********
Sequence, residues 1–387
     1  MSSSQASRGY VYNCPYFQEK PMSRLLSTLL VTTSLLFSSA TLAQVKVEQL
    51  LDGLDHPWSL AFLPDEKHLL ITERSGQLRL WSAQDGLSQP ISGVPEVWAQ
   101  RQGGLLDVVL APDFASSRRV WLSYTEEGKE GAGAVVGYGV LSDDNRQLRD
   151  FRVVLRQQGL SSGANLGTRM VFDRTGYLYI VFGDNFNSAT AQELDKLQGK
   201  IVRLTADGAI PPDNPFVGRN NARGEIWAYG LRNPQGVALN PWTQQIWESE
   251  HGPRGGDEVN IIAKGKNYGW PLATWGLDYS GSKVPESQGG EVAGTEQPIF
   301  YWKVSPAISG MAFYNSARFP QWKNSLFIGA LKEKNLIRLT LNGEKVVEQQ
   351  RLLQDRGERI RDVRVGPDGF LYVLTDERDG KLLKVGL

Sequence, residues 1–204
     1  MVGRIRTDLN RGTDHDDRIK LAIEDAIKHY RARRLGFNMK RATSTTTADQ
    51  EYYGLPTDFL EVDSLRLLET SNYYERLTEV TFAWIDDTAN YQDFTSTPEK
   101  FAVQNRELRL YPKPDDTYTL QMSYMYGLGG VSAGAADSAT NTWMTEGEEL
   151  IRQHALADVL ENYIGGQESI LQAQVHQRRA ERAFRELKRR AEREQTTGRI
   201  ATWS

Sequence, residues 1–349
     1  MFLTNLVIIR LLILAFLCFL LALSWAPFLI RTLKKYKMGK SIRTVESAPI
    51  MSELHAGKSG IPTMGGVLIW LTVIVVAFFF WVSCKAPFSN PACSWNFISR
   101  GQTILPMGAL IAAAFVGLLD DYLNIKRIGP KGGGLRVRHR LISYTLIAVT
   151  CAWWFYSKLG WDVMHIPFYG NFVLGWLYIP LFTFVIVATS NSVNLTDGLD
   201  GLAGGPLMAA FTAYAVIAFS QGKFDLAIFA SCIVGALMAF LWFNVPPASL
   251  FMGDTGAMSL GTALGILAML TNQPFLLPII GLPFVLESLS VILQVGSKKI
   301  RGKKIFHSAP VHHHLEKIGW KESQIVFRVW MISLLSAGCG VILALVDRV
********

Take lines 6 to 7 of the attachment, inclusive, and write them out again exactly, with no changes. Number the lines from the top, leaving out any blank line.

   201  IVRLTADGAI PPDNPFVGRN NARGEIWAYG LRNPQGVALN PWTQQIWESE
   251  HGPRGGDEVN IIAKGKNYGW PLATWGLDYS GSKVPESQGG EVAGTEQPIF